Tuesday, October 12, 2004

Jeanette Winterson Writes

Jeanette Winterson (Written On The Body, The Passion, Art and Lies, Oranges Are Not The Only Fruit, Sexing The Cherry) is one of the contemporary authors I really like. Having signed up at Winterson’s official website, Bianca (my dear friend since 5th grade) gets (monthly?) newsletter-style emails written by Winterson on all sorts of topics. She forwarded this to me a couple of days ago. Being someone with the all-too-common compulsion to get as many things as possible done in a single given day, this made an impression on me. I suspect that I have been living with too much haste lately, and have not really been “paying attention”. I wonder, would it be so bad if I did less in a day, did things slower, if I cut my to-do lists in half. Today I went for a medical test in the morning, went to the bank, the supermarket, the drugstore, drove back for the test results, took calls while I was driving, worked at the computer, made pencil sketches for work, saw two doctors in the afternoon, burned workfiles for pick-up, made a ton of calls, had lunch at 5 in the afternoon, wrote and answered work emails. I set two meetings for Friday, made arrangements for a carpenter to come in tomorrow morning, and in a while I will sit down to draw for a project. It is 6.30 in the evening and it is raining outside. Today I was driven by fear, not the love of what I was doing.

Ah well. Here’s that essay:


Last night we were discussing what the modern deadly sins might be, along with the famous ones thought up by the Church, like Sloth, Gluttony, Lust, Avarice, etc. I thought Haste might be a good one. Someone else thought Triviality. What do you think?

Haste is something I am guilty of at home - in the sense that I am naturally a multi-tasking sort of a creature, but that can mean just trying to do too much, never having enough time - the necessary time to stop and stare, to dally, to play, all that stuff, which I know is so important, and yet I still get it wrong.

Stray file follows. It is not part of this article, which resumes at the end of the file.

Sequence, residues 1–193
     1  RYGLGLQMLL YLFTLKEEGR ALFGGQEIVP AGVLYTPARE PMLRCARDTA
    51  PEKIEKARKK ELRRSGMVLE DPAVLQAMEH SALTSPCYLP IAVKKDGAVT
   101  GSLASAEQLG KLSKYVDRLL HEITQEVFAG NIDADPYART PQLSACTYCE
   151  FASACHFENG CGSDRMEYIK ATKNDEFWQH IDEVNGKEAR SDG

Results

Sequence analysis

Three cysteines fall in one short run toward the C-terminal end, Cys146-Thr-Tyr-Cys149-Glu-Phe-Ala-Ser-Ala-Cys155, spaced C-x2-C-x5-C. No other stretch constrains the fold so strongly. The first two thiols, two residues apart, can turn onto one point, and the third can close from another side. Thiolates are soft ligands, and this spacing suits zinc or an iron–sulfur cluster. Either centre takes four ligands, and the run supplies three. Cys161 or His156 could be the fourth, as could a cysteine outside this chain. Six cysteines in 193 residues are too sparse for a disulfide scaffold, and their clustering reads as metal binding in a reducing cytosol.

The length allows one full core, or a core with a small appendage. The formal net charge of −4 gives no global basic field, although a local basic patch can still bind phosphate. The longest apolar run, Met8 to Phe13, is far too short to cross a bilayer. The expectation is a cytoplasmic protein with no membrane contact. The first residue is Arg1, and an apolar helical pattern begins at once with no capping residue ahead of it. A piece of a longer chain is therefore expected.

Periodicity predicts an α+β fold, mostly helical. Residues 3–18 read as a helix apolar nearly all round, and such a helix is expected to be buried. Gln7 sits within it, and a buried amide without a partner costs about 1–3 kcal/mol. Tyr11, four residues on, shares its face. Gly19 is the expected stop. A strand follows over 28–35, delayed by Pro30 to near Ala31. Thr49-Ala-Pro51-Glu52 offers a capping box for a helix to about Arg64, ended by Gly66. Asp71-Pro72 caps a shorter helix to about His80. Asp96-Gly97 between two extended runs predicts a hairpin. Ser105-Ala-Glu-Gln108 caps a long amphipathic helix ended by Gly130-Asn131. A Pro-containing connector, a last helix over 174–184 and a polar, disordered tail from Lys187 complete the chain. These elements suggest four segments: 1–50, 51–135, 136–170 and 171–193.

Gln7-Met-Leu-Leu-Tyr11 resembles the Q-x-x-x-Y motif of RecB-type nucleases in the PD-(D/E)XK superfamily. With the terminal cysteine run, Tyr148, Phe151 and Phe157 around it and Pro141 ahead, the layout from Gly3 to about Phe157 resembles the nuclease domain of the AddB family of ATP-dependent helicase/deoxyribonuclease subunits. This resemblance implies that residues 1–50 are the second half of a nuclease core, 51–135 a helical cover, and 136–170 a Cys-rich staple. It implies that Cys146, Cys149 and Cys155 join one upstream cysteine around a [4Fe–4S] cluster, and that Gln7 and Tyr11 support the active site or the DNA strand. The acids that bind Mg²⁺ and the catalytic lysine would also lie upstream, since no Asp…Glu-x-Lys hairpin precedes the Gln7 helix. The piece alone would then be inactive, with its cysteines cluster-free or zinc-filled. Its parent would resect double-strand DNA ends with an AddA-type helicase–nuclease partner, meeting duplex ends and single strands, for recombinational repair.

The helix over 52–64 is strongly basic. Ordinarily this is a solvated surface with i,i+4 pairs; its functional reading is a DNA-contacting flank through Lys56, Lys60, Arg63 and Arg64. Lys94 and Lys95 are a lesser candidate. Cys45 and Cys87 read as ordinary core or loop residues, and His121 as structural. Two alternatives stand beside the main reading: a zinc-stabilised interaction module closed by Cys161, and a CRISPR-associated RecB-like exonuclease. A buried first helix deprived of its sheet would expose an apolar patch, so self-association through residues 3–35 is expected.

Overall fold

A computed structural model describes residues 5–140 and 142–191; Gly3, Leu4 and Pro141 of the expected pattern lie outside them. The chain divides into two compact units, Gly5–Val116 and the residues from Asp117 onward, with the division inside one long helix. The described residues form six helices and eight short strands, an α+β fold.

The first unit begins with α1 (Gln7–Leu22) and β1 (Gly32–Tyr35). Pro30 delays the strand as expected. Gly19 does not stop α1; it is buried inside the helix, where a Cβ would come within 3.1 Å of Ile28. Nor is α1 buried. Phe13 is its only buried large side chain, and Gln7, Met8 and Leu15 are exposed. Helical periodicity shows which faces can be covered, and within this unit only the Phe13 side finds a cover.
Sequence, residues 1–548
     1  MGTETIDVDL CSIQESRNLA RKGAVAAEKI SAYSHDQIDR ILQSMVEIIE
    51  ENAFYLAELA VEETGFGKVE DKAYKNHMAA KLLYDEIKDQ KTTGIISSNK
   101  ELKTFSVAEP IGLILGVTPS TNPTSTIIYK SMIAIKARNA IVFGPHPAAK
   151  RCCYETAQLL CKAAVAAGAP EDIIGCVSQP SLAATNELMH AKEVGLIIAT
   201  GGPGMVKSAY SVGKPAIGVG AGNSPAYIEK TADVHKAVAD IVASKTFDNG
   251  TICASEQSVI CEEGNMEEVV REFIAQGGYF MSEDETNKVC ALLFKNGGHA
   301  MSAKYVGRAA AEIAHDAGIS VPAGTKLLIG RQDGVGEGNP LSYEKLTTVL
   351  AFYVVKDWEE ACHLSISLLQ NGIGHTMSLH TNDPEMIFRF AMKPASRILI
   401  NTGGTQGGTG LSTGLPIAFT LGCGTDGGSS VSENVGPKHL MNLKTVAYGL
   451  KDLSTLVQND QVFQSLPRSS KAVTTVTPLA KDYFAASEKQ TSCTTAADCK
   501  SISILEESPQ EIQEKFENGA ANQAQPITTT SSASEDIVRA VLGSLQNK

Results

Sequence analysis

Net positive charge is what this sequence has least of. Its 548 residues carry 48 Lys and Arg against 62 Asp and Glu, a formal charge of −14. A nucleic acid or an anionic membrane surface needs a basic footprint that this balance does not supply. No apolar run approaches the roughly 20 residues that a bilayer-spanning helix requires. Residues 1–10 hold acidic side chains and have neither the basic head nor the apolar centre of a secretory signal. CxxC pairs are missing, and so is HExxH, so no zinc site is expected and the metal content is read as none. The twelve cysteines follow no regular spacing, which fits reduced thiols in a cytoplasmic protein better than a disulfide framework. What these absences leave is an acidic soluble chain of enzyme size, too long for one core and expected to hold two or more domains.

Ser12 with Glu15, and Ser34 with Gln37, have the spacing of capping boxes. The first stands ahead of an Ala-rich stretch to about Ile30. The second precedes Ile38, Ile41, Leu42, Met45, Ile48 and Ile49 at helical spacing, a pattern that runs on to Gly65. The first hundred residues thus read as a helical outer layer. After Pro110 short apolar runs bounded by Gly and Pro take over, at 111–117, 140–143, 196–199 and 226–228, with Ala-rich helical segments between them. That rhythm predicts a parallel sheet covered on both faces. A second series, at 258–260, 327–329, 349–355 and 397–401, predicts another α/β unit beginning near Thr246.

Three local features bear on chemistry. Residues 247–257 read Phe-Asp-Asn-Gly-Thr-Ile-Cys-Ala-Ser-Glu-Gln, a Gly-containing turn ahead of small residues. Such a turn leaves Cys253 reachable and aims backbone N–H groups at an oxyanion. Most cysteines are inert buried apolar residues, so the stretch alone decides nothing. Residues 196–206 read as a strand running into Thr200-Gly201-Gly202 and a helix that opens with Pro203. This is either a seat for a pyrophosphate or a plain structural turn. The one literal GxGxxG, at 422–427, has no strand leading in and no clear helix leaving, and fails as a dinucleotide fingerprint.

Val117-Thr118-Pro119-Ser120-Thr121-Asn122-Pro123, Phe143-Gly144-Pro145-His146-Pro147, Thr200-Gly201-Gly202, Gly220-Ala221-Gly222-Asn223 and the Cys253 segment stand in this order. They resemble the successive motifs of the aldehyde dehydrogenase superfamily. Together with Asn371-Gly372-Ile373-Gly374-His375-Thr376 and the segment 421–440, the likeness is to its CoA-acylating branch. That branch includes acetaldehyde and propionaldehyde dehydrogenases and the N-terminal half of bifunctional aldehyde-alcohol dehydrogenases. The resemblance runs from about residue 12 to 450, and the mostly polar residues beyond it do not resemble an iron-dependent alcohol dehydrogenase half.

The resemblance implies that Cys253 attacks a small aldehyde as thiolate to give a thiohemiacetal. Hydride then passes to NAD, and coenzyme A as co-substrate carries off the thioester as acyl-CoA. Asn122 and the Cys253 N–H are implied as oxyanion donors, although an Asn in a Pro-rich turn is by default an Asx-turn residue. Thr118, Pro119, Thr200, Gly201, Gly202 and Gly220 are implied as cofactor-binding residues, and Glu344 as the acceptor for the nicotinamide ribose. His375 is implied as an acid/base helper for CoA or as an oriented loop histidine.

I went to interview Philip Pullman just before I came away - (it won`t be out until November, and it will be on the site at the beginning of November because the November issue of the glossy magazine Harpers and Queen will be out mid-Oct) - anyway, he said he felt the same. As has he become so well known, every kind of pressure and demand has increased, and making time to do the thing he wants to do, needs to do, must do--WRITE, gets harder and harder. This made me feel better, because it certainly does get harder.

Did you know that 75% of the world`s population has never heard a ringing tone? So the next time we are rushing to make that call, it might be worth remembering that most of the planet can`t be telephoned at all.

Haste... I understand it when it`s about packing in life because life is so short, but hurrying through life when life is so short is like hurtling down the motorway at 100mph; everything passes in a blur, then suddenly, that`s it. The end. Death.

Triviality. What about that? Do we trivialise our lives? Do we get lost in the trivial at the expense of the real? The media does good work reporting world news, but we`d have to admit that most of the rest of what fills papers and TV, is not the stuff of sanity. How much celebrity gossip do we need?

A list of what is important to ourselves, and then a list of what we think is important in the world can be an interesting exercise. How much of our time and resources do we devote to what we would say is important - both personally and politically - and how much of our time do we spend on trivia?

Of course, what`s important to me may not be important to you, different priorities are fine, but I think we should make intelligent choices. The fact is that a lot of what we do isn`t a choice at all, intelligent or stupid, we just do it passively, and wonder where the day has gone.

How many days in a life?

And when it`s gone, it`s gone.

---Jeanette Winterson (September 2004)


Blogger Tee said...

Such a lovely piece of writing--both hers and yours.
I know exactly that. It's past my bedtime and I am still here in the office. I've been praying for work that would not steal from me time for myself so that I won't have to steal from it as well. But for now, I take comfort in the little things. My photos have taught me that. For a fraction of time, I peer into this small opening, find that which makes my heart gets caught in my throat, look in the eye what's in front, hold my breath, and press with utmost care. That's my saving grace from haste..

Also today from a picture in the past of someone passing by in a blur, I remember it is his birthday today.. HAPPY BIRTHDAY J..

October 13, 2004 11:22 PM  
Blogger nini said...

Thanks, t. I remember him with affection. You take care and keep taking those lovely photographs :)

October 14, 2004 10:25 AM  

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